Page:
After moving at a breakneck pace this season, it was actually kind of refreshing to have Arya’s story slow down for a second. She has made serious strides towards becoming no one but it’s still not clear what her final test will be. Is it this assignment? What else does she have to do to prove she’s not Arya Stark anymore? Will she ever?
More flashbacks! This time, we’re going way back to the fabled Age of Heroes, before the Wall in the North was built and The First Men came over to Westeros and clashed with The Children of the Forest. During the vision, we get another HUGE reveal from beyond the source material. The Children made the White Walkers, apparently out of captured men, to defeat the invading humans during their epic wars way back when. That plan kind of backfired.
On the Iron Islands, it’s Kingsmoot time. The Ironborn didn’t really come across as a democratic society, but I guess they vote – or rather yell agreement, – for their kings. It seems like Theon is feeling a little better as he manages to stop cowering long enough to pronounce his support for his sister, who seems like a shoe-in until their uncle shows up. Euron steals Yara’s plan to build the biggest fleet the world has ever seen and announces that he intends to travel across the world to team up with Dany, marry her, bring her and her dragons to Westeros, and finally show the Lords of the Seven Kingdoms what they get for picking on the reaving and raping Ironborn. Actually, it seems like a pretty good idea, even if Euron is kind of a dick. The Ironborn seem to really like that in a sovereign, though, so he gets the most, uh, shouting votes, and proceeds to be symbolically drowned as a sort of– oh shit, they really drowned him. Turns out the power of the Drowned God is CPR. After his coronation, he dons what is unequivocally the absolute worst-looking crown in the Seven Kingdoms.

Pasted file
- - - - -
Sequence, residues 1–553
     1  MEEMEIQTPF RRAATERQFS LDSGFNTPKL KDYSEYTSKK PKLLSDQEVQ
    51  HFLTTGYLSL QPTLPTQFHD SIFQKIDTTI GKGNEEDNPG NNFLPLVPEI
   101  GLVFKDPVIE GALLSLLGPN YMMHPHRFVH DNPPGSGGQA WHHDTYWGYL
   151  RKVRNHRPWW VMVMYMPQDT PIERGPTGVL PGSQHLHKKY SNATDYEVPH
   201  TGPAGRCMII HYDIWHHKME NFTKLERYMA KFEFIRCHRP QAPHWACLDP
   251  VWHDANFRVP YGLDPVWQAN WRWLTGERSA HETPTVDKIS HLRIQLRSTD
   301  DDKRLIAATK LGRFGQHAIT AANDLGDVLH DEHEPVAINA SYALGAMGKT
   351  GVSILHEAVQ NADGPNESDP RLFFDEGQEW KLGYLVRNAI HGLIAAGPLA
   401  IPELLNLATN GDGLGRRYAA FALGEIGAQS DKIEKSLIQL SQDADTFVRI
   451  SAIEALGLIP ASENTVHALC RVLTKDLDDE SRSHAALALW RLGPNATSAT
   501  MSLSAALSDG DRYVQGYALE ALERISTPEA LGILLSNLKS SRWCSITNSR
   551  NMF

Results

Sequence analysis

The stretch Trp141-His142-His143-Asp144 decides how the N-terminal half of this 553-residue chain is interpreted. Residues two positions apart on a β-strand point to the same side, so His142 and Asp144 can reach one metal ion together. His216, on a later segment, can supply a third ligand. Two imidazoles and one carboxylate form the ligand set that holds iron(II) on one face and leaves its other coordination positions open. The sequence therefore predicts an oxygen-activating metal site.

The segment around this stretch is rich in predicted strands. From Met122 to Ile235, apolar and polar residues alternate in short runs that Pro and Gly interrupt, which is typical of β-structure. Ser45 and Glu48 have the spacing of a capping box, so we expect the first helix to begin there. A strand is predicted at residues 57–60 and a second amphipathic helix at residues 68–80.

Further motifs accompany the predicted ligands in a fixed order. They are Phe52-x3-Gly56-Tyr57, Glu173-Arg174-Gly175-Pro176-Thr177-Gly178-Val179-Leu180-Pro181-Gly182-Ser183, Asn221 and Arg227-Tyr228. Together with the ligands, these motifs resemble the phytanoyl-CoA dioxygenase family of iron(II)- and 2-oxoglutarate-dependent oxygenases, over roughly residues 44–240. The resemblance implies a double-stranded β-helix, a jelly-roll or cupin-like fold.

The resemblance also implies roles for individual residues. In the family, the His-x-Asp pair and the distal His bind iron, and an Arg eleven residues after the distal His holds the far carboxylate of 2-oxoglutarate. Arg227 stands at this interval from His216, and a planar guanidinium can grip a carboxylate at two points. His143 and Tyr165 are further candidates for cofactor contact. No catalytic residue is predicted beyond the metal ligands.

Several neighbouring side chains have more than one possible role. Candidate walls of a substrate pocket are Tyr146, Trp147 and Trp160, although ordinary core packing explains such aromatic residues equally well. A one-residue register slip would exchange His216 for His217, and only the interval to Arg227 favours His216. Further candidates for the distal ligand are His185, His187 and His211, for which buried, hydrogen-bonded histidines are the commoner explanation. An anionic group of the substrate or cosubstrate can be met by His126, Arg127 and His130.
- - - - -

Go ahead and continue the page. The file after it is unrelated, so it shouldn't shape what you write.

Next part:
In Essos, Dany is preparing to lead her great Dothraki horde back to Meereen. Jorah reveals the extent of his greyscale infection to Daenerys, who in turn sends him on an epic quest to heal himself. Seeing Dany back in the saddle is great, and I’m pretty stoked to see her storyline hit the light-speed button after being the slowest so far this season.